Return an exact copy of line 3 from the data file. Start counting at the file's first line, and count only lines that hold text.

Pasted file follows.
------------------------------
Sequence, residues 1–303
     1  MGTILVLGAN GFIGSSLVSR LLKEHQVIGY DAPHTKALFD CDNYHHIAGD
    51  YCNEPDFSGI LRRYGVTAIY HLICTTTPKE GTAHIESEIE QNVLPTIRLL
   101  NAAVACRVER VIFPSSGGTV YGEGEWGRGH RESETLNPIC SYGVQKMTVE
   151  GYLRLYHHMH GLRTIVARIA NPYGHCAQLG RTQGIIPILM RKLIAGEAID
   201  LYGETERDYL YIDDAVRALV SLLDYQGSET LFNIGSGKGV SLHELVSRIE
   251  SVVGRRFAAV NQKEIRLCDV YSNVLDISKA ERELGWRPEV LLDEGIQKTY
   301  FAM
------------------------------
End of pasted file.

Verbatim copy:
    51  YCNEPDFSGI LRRYGVTAIY HLICTTTPKE GTAHIESEIE QNVLPTIRLL